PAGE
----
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Newton Cottage, Dunblane Hydro Hotel, Perth Road, Dunblane

A Category B Listed Building in Dunblane, Stirling

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Latitude: 56.1898 / 56°11'23"N

Longitude: -3.953 / 3°57'10"W

OS Eastings: 278897

OS Northings: 701402

OS Grid: NN788014

Mapcode National: GBR 1B.G5WG

Mapcode Global: WH4NT.7PW6

Plus Code: 9C8R52QW+WR

Entry Name: Newton Cottage, Dunblane Hydro Hotel, Perth Road, Dunblane

Listing Name: Perth Road, Dunblane Hyrdo Hotel Including Hydro Lodge, Newton Cottage, Gatepiers and Boundary Wall

Listing Date: 5 October 1971

Category: B

Source: Historic Scotland

Source ID: 363031

Historic Scotland Designation Reference: LB26409

Building Class: Cultural

Location: Dunblane

County: Stirling

Town: Dunblane

Electoral Ward: Dunblane and Bridge of Allan

Traditional County: Perthshire

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Peddie and Kinnear, 1875-6 with later additions and alterations. 4-storey, 17-bay, symmetrical Italianate hotel with 7-stage entrance tower with belvedere to centre and terminating in symmetrical pyramidally-roofed, 5-storey, blocks. Yellow ashlar sandstone. Base course, projecting, cill height, dividing cill bands, eaves course. Gabled roof with timber bracketed, barge boarded, overhanging eaves. Plain, projecting margins to openings.

W (PRINCIPAL) ELEVATION: 7-stage engaged entrance tower to centre; advanced porte-cochere to ground floor with raised quoins, framing stone steps to main entrance, modern steel and glass portico to front of porch; stone-mullioned, bipartite windows to 2nd, 3rd and canopied 4th stage with small window to 5th stage above; clock faces to 6th stage flanked by small attic bays; free-standing 7th stage, tall semicircular-arched openings to belvedere, plain corner piers supporting low pyramidal roof. Symmetrical flanking 5-bay blocks; advanced, cast-iron structure arcade to ground floor with lean-to roof; regular fenestration to upper floors; semicircular-headed roof dormers; 3-storey, advanced, canted bays centre. 4-storey with attic, 3-bay outer pavilion blocks with pyramidal roofs; regular fenestration except bipartite windows to 1st floor.

E (REAR) ELEVATION: irregular fenestration, multiple advanced, 3-bay, gable ends, large advanced bay to outer left. Single storey modern additions running full length.

N (SIDE) ELEVATION: 6-bay, divided into 2, 3-bay blocks, regular fenestration. Advanced, 2-storey dining wing, added 1884; canted central bay flanked by bay to left abutting modern glazed dining room extension, bowed bay to right; mullioned and transomed windows; balustraded parapet.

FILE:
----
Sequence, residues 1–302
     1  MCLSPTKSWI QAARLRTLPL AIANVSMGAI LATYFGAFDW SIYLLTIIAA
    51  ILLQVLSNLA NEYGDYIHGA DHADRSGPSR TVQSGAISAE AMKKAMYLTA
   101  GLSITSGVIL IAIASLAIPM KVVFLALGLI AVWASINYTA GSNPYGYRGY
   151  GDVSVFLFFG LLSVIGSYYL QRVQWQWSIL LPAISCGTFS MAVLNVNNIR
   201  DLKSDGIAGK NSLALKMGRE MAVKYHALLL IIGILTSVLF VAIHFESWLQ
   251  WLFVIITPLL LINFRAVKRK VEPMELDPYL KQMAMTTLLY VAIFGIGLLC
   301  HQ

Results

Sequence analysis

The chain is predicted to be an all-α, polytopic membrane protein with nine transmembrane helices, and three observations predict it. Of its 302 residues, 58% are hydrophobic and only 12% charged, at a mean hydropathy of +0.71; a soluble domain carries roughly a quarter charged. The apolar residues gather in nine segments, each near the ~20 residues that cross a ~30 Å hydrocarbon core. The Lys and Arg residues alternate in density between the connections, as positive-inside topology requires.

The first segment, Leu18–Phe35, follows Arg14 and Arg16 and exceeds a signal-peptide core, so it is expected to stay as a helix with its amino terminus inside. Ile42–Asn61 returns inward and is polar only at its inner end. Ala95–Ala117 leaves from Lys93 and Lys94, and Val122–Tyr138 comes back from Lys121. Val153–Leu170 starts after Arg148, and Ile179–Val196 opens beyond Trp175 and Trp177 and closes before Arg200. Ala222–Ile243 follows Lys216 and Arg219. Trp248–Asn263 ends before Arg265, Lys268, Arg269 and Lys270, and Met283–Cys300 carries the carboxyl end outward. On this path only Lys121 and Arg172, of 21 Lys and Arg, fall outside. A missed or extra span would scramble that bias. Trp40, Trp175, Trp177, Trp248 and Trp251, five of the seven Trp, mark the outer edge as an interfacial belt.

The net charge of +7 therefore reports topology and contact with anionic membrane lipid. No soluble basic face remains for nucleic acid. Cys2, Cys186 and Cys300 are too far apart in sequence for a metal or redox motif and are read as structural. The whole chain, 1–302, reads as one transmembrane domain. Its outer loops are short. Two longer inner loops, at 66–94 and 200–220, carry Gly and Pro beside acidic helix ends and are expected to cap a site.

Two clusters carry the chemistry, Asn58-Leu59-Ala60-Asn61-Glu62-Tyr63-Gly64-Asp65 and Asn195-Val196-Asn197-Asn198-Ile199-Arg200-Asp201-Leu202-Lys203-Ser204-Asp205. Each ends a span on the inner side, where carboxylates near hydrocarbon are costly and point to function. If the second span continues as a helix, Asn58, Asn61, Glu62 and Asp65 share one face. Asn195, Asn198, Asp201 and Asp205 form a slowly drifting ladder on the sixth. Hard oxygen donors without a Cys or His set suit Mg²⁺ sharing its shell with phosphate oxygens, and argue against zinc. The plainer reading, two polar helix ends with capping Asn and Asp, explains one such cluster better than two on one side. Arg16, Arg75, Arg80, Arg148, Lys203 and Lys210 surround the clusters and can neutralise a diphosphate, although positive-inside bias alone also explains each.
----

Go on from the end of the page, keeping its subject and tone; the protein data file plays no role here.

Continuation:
S (SIDE) ELEVATION: 9-bay, divided into 3, 3-bay blocks, regular fenestration; 2-storey, advanced canted bay to block to left, modern addition to ground; canopied entrance to centre block; gable end of 2-storey, 9-bay elongated modern wing abutting block to right.

Predominantly 4-pane, timber-framed, sash and case windows. Grey slates, lead flashing. Cast-iron rainwater goods.

INTERIOR: restored and refurbished 1ate 1990s; ornate original plasterwork retained to public rooms on ground floor, excluding remodelled ball room to rear, tapered pilasters applied to walls of S function room of particular note.

SOUTH LODGE: single storey, 3-bay, rectangular plan lodge. Piended, slate roof with gables breaking eaves. W facing, bipartite windows flanking door to centre with large gable above, oculi to gablehead, pierced barge boarding to gable terminating in carved medallions. Central door to rear elevation, flanking windows, 2 small roof dormers. Blank sides with gables breaking eaves. Plain interior.

WEST LODGE: 3-bay, asymmetrical, gabled lodge. N facing. Yellow ashlar sandstone, overhanging eaves with exposed rafters. 2-storey, bay to left with advanced canted bay to ground floor with corbelled roof, window above. Single storey, 2 bays to right; single window to left; open, gabled timber porch to right, recessed entrance. Advanced canted window to Perth Road gable end, blind to E end, rear not seen 2001, interior not seen 2001.

GATEPIERS AND BOUNDARY WALL: pair of square-plan, ashlar piers; plinth, chamfered column, projecting cornice, swept cap terminating in ball finial. Low, coped, rubble wall to Perth Road, high, coped, rubble wall to Newton Loan.

Statement of Interest

Through their vast architectural output Peddie and Kinnear held pre-eminence throughout the late 19th century as Scotland's foremost practice. Working in various style from Scots Baronial to classicism and Italianate, as at the Hydro. The design of the Hydro is reminiscent of the great 19th century hotels of the Venetian Lido. Despite its scale the Hydro retains a remarkable cohesion to its Palladian, hierarchical formula. The origins of the Hyrdopathic Hotel lie with Dr Peter Gordon Stewart, a surgeon in Dunblane, who in 1839 published a treatise on the properties of the town's mineral springs, "which like the Philosopher's Stone had been represented?as capable of curing all diseases?and even of wooing the mind to sanity when the wild delirium comes and weeping friends are strangers." The Dunblane Hyrdopathic Company, founders of the hotel, rented the mineral wells and for some years water was brought up to the hotel for the guests. The hotel opened in September 1878 based up a joint stock company made up of wealthy traders and business men principally from Dunblane, Stirling and Edinburgh. However, the venture was not a success and the hotel went into receivership in 1884 and was bought by the Cockburn Hotel, Edinburgh for 16,000 (original cost of 60,000). The hotel has continued in business ever since, although during the First World War it was requisitioned for use as a hospital for neurological treatment. Today the hotel is part of the Hilton hotel group.

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